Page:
News from Amazon’s Kindle event and more

The New Kindle Fire is ready to compete (and pretty cool in it’s own right)

Here is today’s top technology news.

  • Without a doubt, the biggest happenings of the day occurred at Amazon’s Kindle event. Amazon unveiled the updated Kindle Fire, the Fire HD 7″ + 8.9″ versions, and a new Kindle reader. The whole line of Amazon products (or services as they consider them) were updated, with important changes for the consumer. The new Kindle Fires will have dual-core processors, more ram, and higher definition displays (including 1920×1200 for the HD versions). As well, they have included MIMO technology which they claim will make it perform better than the iPad 3 (the New iPad). Another interesting addition is the dual Wi-Fi antenna system, designed to increase network performance and speeds as well. A new pricing system has been announce, $169 for the Kindle Fire 7″, $199 for the Kindle Fire 7″ HD, and $299 for the Kindle Fire 8.9″ HD. These prices will strongly compete with the Google Nexus 7. Amazon has also update the Kindle e-reader, with an amazing new screen, backlight and faster processing. The e-reader will sell for $119 for Wi-Fi only and $169 for the 3G version. A 4G LTE version for AT&T will retail for $499, with special Amazon data pricing ($50 a year for 250MB/month). Via Phandroid, here, Gizmodo, here.
  • The reports of worker abuse at Samsung factories have grown – is is reported that six more factories have been found to have terrible problems with worker abuse and underage employment. Via Gizmodo, more here.
  • ICS is now on 20% of Android devices – Google has revealed that their 10 month old operating system can now be found on 20% of Android devices in the wild. With over 480M devices, this is close to 100M devices, but still not enough. Likewise, only 1% have Jelly Bean (July’s release). Via Slashgear, more here.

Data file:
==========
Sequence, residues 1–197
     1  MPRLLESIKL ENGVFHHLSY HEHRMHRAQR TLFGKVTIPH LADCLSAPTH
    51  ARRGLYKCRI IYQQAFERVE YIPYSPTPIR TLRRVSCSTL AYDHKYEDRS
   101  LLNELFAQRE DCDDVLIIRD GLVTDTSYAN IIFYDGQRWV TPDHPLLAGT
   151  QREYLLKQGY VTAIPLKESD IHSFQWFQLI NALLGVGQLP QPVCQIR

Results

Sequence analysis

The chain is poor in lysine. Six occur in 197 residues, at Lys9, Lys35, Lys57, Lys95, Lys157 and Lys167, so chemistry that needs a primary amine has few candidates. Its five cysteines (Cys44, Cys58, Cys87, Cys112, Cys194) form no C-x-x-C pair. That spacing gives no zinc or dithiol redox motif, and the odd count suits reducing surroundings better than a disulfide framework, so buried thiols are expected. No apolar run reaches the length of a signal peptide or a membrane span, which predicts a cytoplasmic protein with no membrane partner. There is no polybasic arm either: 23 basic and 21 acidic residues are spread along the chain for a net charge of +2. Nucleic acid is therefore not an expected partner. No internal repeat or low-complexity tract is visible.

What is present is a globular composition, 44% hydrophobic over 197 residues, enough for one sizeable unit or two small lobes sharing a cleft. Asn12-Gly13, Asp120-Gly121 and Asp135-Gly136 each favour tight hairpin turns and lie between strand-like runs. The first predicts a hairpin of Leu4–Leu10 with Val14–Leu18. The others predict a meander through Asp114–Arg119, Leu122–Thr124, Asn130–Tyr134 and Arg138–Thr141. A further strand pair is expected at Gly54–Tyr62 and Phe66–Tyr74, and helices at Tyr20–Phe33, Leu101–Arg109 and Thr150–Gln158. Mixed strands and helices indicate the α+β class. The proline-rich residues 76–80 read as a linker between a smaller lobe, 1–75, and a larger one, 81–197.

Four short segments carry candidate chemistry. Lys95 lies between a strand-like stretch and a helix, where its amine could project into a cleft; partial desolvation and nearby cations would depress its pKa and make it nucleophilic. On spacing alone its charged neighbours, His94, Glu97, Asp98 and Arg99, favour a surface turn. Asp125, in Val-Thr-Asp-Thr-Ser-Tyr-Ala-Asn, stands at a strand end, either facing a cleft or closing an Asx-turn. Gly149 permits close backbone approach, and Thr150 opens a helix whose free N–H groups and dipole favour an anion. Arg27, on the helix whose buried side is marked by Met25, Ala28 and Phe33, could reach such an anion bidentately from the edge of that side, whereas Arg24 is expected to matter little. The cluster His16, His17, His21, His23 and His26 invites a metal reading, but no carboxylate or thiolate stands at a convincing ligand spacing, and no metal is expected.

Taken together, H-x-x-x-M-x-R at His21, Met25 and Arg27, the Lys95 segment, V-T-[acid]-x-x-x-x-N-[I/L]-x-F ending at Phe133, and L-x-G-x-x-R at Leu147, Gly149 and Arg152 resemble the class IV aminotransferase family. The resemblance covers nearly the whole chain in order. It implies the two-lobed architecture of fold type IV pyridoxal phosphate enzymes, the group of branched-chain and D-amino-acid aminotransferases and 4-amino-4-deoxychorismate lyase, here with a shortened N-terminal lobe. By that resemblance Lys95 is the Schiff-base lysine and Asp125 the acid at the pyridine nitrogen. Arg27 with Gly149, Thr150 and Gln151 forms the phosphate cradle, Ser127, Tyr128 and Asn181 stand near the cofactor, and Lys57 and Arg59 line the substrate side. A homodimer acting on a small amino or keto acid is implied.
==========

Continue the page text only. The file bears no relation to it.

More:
• Grooveshark swaps app for HTML5 – Grooveshark is ditching their apps for HTML5. HTML5 is gaining speed among app developers and Grooveshark is moving that way. Via Engadget, more here.
  • LinkedIn unveils redesigned pages for companies – the largest business-oriented social network is changing itself to be more business friendly. Many corporations pay LinkedIn for their business-specific capabilities, using it as a recruiting tool, LinkedIn must keep advancing if they wish to keep making money. Via TechCrunch, more here.
  • Sharp mortgages self just to keep going – Sharp has taken out over $2B in short term loans recently to keep active. As one of the largest providers of screen technology (including for the iDevices), Sharp does have value, it will be interesting to see how they can try to rebound from this. Via Engadget, more here.
  • South Korean regulators looking into Samsung monopoly – Apple just cannot keep themselves out of the courts. Now, they are asking South Korea to look into antitrust allegations against the Samsung corporation. Samsung is a HUGE component provider for Apple, so I am unsure why Apple keeps prodding them. With Apple’s often examined supply-chain issues, it is confusing why they would ever risk increasing supply-chain difficulties (when they are preparing for a huge release). Via 9to5Mac, more here.
  • According to Microsoft, users prefer Bing search results to Google – in a blind study, Microsoft found that users preferred Bing’s results to the search giant’s. Via Bing, more here.

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